Posted by: Father Ron Smith on Sunday, 26 August 2012 at 8:39am BST

I think, rjb, that one might prefer to say that the Kingdom of God is a gift from God. To the extent that the Anglican Communion, or any church for that matter, seeks the kingdom, lives out the values of the kingdom, then it has a nature of grace about it.

This allows the caution, pointed out decades ago by Pannenberg, that the Church ( any church) ought not to confuse itself with being the kingdom on earth.

But your use of the word saccharine is interesting. The outcome of an emphasis on sweetness and light tends to generate a saccharine sense of self i.e. syrupy sweet with less of a taste for the leaven of justice with regard to its very own daily bread.

"The kingdom of God is not something that we can bring about, nor is it identical with the life of the church. It is, rather, the horizon and criterion of individual and social life, including the life of the church." -Wolfhart Pannenberg

Posted by: Rod Gillis on Sunday, 26 August 2012 at 1:34pm BST

rjb, that's a very insightful comment.

It occurs to me that saying something's a gift of God doesn't preclude its misuse. You could fairly call lots of things gifts of God, but I'm hard-pressed to think of any that can't be misused and abused in one way or another. Even things like grace and faith, which are indisputably free gifts, can be twisted.

Posted by: Bill Dilworth on Sunday, 26 August 2012 at 8:02pm BST

The Anglican Communion - a gift from God - a treasure? Nah!!! more of an aberration. However within the Communion at its head we have indeed been blessed with many gifts and treaures from God - I think particularly of Archbishops Temple, Ramsey, Runcie and Williams. Each one of the first three followed successively by Archbishops Fisher, Coggan and Carey - who were outshone as ornaments of the Church by their immediate predecessors. I hope and pray that Rowan's successor proves to be a gift and a treasure from God but if recent trends in archiepiscopal appointments continue then sadly, I have me doubts.

Posted by: Father David on Monday, 27 August 2012 at 5:48am BST

I was more concerned in Elizabeth Kaeton's article about her statement that she "loves Jesus unconditionally" which might suggest a degree of superiority that lacks self-awareness. But to the main issue.
I can't but observe that the main reaction here has been to think of the Anglican Communion in terms of hierarchies and governance, which to me misses the point. We are all the people of God, and the Church is not defined by its leaders but by the members and the presence of God's Spirit. I have had the immense privilege for the past 6 years of serving as a Trustee of USPG: Anglicans in World Mission (watch this space as it is about to change its name to reflect better its identity and mission). The one thing that has impressed time and again as we have heard reports from the overseas churches where USPG is a partner - and there are a large number, many with relationships going back to the 19th century and even earlier - is how the church everywhere is looking for ways to be an effective Christian witness through local projects as a gift of God to local people, delivered through local churches. The gift is not to us who are on the inside, as it were, but to all those who need to experience the love of God in Christ. Recently the Trustees affirmed in a statement of values that USPG's "goal is for every person to lead a full life (John 10.10)" and "We believe that the church is a precious gift and offers one of the most sustainable mechanisms for tackling poverty and delivering positive change." In our tradition the Anglican Communion represents the Church. Again my experience is that to a great extent, through the worship, prayer, reading and study of the Scriptures, and Christian witness, which come as naturally to all parts of the Church/Communion as breathing, the Church is received as a gift. Sure, this gift can be misused, as scrutiny of any congregation anywhere will reveal, but that should not deflect us from seeing the indwelling of the Spirit of Jesus throughout the Church/Communion which is God's gift to us and the world.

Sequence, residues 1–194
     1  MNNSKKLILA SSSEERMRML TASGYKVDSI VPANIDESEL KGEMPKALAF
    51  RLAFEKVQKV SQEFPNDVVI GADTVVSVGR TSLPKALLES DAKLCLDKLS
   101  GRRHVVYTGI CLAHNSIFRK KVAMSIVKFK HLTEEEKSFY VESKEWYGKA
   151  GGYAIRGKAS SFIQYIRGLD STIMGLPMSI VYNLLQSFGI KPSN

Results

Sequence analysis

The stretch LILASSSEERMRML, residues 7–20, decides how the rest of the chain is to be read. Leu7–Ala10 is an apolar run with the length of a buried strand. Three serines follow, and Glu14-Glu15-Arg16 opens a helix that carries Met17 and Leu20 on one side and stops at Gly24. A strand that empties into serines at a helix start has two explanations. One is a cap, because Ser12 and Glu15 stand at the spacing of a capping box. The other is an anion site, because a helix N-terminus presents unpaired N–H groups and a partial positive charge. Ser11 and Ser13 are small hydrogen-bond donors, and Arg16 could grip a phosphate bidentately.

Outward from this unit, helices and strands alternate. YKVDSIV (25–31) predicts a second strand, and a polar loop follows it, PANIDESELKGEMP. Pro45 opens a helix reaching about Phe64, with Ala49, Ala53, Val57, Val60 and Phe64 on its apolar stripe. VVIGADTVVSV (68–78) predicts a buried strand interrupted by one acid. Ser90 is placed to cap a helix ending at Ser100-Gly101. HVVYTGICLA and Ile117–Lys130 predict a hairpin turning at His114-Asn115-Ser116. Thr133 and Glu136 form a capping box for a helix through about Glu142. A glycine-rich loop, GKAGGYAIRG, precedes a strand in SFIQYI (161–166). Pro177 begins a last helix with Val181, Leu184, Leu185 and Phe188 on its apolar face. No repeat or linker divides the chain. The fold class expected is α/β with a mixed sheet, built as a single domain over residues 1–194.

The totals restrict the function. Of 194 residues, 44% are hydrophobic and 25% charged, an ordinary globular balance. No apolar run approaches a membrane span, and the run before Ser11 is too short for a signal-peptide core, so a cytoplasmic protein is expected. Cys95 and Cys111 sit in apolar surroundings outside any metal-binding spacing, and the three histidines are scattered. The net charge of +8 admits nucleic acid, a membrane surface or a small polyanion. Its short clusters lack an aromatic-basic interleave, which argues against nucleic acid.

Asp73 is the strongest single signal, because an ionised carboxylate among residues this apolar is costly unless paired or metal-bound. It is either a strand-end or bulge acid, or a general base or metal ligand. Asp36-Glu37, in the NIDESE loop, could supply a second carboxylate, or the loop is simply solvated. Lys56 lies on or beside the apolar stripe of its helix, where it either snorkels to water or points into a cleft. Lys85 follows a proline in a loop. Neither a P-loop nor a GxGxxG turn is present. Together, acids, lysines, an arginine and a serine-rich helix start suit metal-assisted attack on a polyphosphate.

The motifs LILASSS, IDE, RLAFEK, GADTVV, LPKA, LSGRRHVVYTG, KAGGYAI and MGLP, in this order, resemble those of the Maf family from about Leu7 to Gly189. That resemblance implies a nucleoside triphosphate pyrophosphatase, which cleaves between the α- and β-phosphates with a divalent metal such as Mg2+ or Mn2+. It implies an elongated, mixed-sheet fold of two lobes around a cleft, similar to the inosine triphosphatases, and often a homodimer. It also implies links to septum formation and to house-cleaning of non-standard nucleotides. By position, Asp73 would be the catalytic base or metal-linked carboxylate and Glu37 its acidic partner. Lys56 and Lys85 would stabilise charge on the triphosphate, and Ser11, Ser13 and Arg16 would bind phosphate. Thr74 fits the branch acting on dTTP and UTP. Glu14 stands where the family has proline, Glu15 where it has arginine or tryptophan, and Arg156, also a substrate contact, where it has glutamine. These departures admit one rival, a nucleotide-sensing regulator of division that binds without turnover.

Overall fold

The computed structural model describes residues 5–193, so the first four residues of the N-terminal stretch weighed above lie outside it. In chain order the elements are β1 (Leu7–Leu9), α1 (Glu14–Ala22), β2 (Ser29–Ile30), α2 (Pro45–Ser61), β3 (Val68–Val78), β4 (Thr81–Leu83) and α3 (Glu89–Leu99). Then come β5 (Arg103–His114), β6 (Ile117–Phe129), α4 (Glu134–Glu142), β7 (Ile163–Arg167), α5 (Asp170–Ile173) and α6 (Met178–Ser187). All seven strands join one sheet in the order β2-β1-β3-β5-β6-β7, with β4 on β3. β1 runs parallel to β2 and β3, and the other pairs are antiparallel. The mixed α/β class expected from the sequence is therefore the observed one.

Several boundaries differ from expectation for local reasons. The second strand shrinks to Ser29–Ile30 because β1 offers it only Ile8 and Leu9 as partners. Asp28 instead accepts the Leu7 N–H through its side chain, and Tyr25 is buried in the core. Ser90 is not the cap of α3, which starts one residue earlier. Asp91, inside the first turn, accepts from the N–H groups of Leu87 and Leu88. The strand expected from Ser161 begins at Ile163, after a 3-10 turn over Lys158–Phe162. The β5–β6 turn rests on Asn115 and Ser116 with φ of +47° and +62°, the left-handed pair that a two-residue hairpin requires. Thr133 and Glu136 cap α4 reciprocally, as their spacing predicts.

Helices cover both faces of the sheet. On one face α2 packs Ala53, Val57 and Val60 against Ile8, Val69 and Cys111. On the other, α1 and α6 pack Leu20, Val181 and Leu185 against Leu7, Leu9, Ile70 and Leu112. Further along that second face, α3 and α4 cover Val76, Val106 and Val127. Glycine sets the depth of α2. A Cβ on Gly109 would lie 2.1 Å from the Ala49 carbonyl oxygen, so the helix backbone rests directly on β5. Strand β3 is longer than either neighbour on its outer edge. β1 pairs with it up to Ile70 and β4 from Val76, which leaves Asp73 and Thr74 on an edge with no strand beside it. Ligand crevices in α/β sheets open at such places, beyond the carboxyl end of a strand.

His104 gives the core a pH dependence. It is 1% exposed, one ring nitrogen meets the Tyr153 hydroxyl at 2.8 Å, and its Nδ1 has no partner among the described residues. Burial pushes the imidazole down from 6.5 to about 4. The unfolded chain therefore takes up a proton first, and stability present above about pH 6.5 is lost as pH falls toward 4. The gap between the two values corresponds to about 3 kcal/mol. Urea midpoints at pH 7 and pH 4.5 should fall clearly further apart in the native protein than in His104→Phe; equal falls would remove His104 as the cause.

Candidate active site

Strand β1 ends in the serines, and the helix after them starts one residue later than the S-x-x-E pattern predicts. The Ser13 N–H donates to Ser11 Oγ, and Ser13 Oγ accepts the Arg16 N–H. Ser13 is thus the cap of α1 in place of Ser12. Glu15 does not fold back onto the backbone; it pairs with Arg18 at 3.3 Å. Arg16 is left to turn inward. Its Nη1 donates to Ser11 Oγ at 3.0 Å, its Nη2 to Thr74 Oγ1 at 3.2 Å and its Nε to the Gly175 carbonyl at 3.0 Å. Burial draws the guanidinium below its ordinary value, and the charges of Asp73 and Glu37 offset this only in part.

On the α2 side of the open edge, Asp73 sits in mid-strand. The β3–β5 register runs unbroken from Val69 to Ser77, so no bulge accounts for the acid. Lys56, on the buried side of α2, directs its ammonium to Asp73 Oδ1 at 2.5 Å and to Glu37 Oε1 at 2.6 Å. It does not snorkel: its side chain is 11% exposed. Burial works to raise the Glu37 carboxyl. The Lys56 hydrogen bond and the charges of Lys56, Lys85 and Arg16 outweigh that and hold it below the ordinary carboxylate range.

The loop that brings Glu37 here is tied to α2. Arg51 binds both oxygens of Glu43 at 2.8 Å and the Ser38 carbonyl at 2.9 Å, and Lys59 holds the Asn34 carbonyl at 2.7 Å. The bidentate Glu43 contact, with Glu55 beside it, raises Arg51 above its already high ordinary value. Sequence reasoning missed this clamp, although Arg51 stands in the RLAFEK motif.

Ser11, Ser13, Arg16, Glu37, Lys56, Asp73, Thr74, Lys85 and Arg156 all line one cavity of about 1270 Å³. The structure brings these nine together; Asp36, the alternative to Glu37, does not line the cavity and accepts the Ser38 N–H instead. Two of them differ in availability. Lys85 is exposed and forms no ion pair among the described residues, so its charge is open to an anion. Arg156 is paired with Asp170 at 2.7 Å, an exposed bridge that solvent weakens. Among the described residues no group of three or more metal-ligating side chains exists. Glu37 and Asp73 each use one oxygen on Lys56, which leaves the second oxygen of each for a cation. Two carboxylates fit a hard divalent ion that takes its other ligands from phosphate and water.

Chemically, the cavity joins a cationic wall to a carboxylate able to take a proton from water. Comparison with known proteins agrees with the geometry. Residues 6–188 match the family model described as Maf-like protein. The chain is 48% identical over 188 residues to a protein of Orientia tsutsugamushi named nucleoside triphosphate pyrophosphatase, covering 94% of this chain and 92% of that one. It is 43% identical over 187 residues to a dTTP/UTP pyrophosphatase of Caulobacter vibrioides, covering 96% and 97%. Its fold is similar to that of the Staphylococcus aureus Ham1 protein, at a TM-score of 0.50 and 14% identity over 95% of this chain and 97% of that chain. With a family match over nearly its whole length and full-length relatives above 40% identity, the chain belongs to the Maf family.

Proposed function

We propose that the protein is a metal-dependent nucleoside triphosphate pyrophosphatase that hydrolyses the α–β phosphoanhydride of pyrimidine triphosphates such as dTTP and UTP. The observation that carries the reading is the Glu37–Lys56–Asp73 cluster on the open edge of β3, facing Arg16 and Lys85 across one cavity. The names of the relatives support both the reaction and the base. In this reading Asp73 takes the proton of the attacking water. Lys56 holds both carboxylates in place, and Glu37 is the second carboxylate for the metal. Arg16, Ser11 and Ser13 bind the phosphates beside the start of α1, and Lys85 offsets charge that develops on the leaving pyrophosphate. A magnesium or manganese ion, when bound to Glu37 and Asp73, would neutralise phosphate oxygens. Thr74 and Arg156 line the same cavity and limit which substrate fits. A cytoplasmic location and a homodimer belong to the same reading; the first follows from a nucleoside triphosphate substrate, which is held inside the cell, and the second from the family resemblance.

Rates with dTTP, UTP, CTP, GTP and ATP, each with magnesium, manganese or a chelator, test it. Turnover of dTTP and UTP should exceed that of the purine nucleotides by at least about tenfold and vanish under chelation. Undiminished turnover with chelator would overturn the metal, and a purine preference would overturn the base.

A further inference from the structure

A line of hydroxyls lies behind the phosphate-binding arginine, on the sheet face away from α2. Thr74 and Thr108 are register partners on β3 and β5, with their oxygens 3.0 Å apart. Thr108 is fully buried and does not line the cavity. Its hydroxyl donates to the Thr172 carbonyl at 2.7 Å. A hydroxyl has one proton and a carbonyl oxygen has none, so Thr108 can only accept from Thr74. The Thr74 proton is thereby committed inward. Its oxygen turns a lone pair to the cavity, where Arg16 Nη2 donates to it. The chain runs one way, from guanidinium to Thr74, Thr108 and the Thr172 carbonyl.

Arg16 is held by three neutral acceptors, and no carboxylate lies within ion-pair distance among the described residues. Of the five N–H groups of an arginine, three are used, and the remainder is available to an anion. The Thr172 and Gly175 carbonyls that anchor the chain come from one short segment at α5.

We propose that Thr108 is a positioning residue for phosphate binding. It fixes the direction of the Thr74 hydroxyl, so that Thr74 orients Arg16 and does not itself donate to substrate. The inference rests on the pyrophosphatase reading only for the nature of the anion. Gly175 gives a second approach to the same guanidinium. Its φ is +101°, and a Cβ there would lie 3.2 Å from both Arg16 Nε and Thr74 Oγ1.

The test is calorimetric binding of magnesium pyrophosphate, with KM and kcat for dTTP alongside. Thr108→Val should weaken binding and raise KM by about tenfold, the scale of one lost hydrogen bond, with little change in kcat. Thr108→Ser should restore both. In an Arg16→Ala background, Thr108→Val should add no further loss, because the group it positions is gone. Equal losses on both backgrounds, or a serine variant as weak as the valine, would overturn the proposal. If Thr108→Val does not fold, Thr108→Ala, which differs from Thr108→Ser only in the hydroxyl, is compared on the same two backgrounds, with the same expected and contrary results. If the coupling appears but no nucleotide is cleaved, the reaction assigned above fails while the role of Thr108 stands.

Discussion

Posted by: Roger Antell on Monday, 27 August 2012 at 7:25pm BST